Readers always ask me how I started writing and where did my ideas come from? Although I have always enjoyed telling and writing stories, it was a long journey to become a published and successful author.
I was born in Wingham in the Manning Valley NSW and at five moved to Pittwater, a remote and magical part of Sydney, which in those days was populated by rather bohemian characters. One of these, the Australian actor Chips Rafferty, taught me dozens of Australian poems and shared with me his experiences in the Australian outback where he lived before he started his acting career. The poet Dorothrea Mackeller, whose poem, ‘My Country’ has such an important place in Australian literature, also lived near us. She encouraged me to write down my stories so that other people could enjoy them, too.
The sudden death of my father and brother radically changed my life. My mother’s sister encouraged my mother to join her in Los Angeles where Mum studied and learned about the new phenomenon, TV. We returned a year later, and my mother carved out a name for herself in the Australian Film and TV industry, initially as our first female TV/film
director at the Artransa Studios and then in the marketing and administration of local films for the Australian Film Commission and Film Australia.
My first job was with Australian Consolidated Press, which was responsible for papers such as the Daily Telegraph and magazines like the Australian Women’s Weekly. Starting as a copy girl at their headquarters in Sydney I was able to convince the chief of staff to give me a cadetship. I underwent four years of training as a journalist. Research, writing and communicating became the tools of my trade, skills which I later brought to my novels.
But like many Australians at that time, the UK beckoned, and I worked for the next four years in Fleet St. for the Daily Mail group, enjoying the excitement of swinging London. On my way back to Australia, I re-met Peter Morrissey, an American Peace Corps worker holidaying in Singapore. Two weeks later, we were engaged. After we married, we lived for a while in Honolulu, where I worked as a TV presenter for the CBS affiliate. Peter then joined the State Department and I became a foreign service wife. There followed twelve stimulating and fascinating years travelled between Washington DC and foreign postings in Singapore, Thailand, Japan, Indonesia, Guyana.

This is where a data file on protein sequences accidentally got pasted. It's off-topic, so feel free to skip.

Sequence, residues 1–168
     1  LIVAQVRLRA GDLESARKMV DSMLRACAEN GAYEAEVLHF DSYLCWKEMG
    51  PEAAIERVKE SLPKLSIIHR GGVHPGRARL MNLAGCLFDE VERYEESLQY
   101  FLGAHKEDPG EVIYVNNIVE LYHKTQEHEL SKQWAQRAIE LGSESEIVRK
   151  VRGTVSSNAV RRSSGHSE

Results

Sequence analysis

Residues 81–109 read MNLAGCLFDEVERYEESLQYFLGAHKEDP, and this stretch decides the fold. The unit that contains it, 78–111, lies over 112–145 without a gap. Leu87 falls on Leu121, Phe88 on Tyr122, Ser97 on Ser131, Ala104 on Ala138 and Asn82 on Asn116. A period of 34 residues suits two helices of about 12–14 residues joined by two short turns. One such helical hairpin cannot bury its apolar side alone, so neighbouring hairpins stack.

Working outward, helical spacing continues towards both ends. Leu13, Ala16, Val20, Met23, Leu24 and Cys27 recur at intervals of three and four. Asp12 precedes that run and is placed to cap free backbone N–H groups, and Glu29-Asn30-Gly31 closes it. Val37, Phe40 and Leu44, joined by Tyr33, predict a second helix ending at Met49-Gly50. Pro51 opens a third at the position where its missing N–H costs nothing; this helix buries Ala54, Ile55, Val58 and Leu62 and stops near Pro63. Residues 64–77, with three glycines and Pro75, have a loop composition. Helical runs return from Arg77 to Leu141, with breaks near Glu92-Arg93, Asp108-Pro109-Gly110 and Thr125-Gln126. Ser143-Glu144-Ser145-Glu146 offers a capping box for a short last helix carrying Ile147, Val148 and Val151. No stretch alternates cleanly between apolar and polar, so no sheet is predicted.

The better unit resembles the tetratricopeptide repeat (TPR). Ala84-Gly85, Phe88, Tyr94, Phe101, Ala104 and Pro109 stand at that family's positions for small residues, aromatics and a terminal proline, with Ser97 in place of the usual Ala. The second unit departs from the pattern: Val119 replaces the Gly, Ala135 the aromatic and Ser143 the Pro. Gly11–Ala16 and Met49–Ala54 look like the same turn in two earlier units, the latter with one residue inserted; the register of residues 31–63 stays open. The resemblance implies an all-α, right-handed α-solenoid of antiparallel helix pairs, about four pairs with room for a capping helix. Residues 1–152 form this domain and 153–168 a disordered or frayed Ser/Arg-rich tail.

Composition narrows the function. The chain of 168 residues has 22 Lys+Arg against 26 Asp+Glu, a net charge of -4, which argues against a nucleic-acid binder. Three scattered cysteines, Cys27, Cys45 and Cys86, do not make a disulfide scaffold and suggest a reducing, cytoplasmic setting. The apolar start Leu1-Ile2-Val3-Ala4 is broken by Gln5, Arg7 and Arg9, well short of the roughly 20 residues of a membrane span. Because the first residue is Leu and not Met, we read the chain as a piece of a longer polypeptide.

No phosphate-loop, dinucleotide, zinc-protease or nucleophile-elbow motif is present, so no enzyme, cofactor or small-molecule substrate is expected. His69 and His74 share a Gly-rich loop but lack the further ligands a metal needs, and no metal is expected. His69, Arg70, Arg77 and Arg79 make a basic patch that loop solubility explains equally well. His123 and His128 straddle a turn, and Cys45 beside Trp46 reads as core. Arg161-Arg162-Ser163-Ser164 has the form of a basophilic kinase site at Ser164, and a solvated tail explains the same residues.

But in spite of these exotic locations, I was not happy. I missed Australia and I still wanted to write. I had to come home. Back in Sydney, however, I needed to make a living, so I joined Australia’s first current affairs breakfast TV show, Network Ten’s Good Morning Australia, hoping to write in my spare time. But each day started at 3am and finished late. This madness lasted seven years until a friend, who was a literary agent, suggested that a treatment I had written for a TV series, should be turned into a book.
I decided to take the plunge. I resigned from Good Morning Australia, moved north to Byron Bay and started to write my book, for which my literary agent friend had found a publisher. It was a lot of very hard work, but ‘Heart of the Dreaming’, which was released in 1991, was a huge success. Twenty years and twenty best sellers later, (plus a children’s book – “Buster and the Queen Bee” )it’s still hard work, but I couldn’t imagine doing anything differently.
Initially my books were all about Australians living in Australia, but I realised that Australians had made their mark in other parts of the world, and so I began to set my stories in more exotic overseas locations where Australians live and work. I still always visit the places where I set my books, talk to the locals, and absorb the history and culture as well as the ambiance of every location.